'Keep your clothes on': CDC issues BIZARRE guidelines on how to have SEX if you have monkeypox

American health chiefs say people should not have sex while they are infected with monkeypox, but can have virtual sex instead


                            'Keep your clothes on': CDC issues BIZARRE guidelines on how to have SEX if you have monkeypox
The recommendations included virtual sex, masturbating 6-feet apart, no kissing, having sex with clothes on and much more. (Source: cdc.gov/monkeypox)
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The Centers for Disease Control and Prevention earlier this month issued a list of safe activities for sexually active patients to engage in. CDC mentioned in the guidelines list that those who are infected with the monkeypox virus should avoid intimate contact and sex because the monkeypox virus could be spread in close contact. Among the recommendations, are avoiding kissing and “having sex with your clothes on or covering areas where rash or sores are present.”

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According to the CDC, "Monkeypox is rare and does not spread easily between people without close contact. The threat of monkeypox to the general US population remains LOW." The World Health Organization began investigating if monkeypox could be sexually transmitted after the virus was detected in a patient’s semen.

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What is monkeypox and how does it spread?

Monkeypox is a virus that is rare in the United States and is often a flu-like illness. The illness—although not usually serious—can result in hospitalization or death. "Monkeypox is a disease that can make you sick, including a rash, which may look like pimples or blisters", the report stated. It further mentioned various ways through which the virus can spread including:

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1. "Direct contact with monkeypox rash, sores, or scabs from a person with monkeypox."
2. "Contact with objects, fabrics (clothing, bedding, or towels), and surfaces that have been used by someone with monkeypox."
3. "Contact with respiratory secretions, through kissing and another face-to-face contact."
4. "Oral, anal, and vaginal sex or touching the genitals (penis, testicles, labia, and vagina) or anus (butt) of a person with monkeypox."
5. "Hugging, massage, and kissing."
6. "Touching fabrics and objects during sex that were used by a person with monkeypox and that have not been
disinfected, such as bedding, towels, fetish gear, and sex toys."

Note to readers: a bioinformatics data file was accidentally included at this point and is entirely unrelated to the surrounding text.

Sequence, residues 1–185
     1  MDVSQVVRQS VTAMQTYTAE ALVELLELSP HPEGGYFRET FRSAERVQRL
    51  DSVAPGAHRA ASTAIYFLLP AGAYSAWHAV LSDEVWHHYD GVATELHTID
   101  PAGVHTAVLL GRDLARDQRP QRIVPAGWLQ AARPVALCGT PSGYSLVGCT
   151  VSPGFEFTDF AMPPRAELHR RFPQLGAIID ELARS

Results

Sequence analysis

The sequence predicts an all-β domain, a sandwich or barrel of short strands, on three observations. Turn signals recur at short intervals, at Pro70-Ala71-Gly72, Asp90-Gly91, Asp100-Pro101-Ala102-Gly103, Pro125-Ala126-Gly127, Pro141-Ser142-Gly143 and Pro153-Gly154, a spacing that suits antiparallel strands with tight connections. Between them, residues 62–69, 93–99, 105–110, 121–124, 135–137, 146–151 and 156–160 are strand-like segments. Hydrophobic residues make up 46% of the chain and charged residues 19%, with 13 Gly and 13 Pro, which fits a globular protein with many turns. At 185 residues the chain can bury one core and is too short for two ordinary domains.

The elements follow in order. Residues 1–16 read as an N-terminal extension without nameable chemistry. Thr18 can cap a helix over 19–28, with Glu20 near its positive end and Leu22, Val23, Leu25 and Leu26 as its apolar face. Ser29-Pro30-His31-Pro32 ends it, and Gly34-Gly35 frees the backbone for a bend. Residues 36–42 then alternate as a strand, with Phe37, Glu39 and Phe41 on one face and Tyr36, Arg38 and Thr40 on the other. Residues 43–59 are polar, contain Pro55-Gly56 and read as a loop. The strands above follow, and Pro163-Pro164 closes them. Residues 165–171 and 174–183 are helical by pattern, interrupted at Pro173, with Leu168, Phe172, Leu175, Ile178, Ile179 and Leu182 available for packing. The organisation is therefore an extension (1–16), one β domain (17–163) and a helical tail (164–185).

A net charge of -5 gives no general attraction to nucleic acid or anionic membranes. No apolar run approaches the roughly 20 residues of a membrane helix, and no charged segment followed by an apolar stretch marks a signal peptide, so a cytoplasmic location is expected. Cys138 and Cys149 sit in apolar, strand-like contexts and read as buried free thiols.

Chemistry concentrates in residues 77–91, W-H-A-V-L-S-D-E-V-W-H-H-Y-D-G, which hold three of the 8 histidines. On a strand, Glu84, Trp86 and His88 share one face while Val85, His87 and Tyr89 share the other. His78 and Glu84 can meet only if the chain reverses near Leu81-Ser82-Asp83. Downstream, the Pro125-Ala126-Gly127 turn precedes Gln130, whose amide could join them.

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Visual Examples of Monkeypox Rash (Photo Credit: NHS England High Consequence Infectious Diseases Network)

What are the symptoms?

As per the CDC guidelines, the symptoms of Monkeypox begin to appear within 2 weeks of infection. Patients experience a flu-like illness and swelling of the lymph nodes before developing a rash on their face and body. The initial symptoms might include flu, fever, headache, muscle aches and backache, swollen lymph nodes, chills, or exhaustion. But after 2-3 days rashes start to develop on the body. Rashes and sores may be located near or on the genitals. These sores look like pimples or blisters and are often itchy or painful. However, the symptoms can vary from person to person. As per the report, some people only developed rashes and sores. But, not fever. Whereas, for some, it was the other way.

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Visual Examples of Monkeypox Rash (Photo Credit: NHS England High Consequence Infectious Diseases Network)

How to lower the risk of Monkeypox during sex?

CDC also shared a long list of recommendations and precautions that can be taken during sex to avoid the spread of the virus. CDC suggested bizarre ways of having sex with monkeypox that included the following:

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1. "Having virtual sex with no in-person contact."
2. "Masturbating together at a distance of at least 6 feet, without touching each other and without touching any rash or sores."
3. "Having sex with your clothes on or covering areas where rash or sores are present, reducing as much skin-to-skin contact as possible."
4." By avoiding kissing"
5. "Washing hands, fetish gear, sex toys, and any fabrics (bedding, towels, clothing) after having sex."

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According to the New York State Department of Health, "as of June 16, 2022, a total of 21 confirmed orthopoxvirus/monkeypox cases have been identified with 19 in New York City, 1 in Sullivan County, and 1 in Westchester County."

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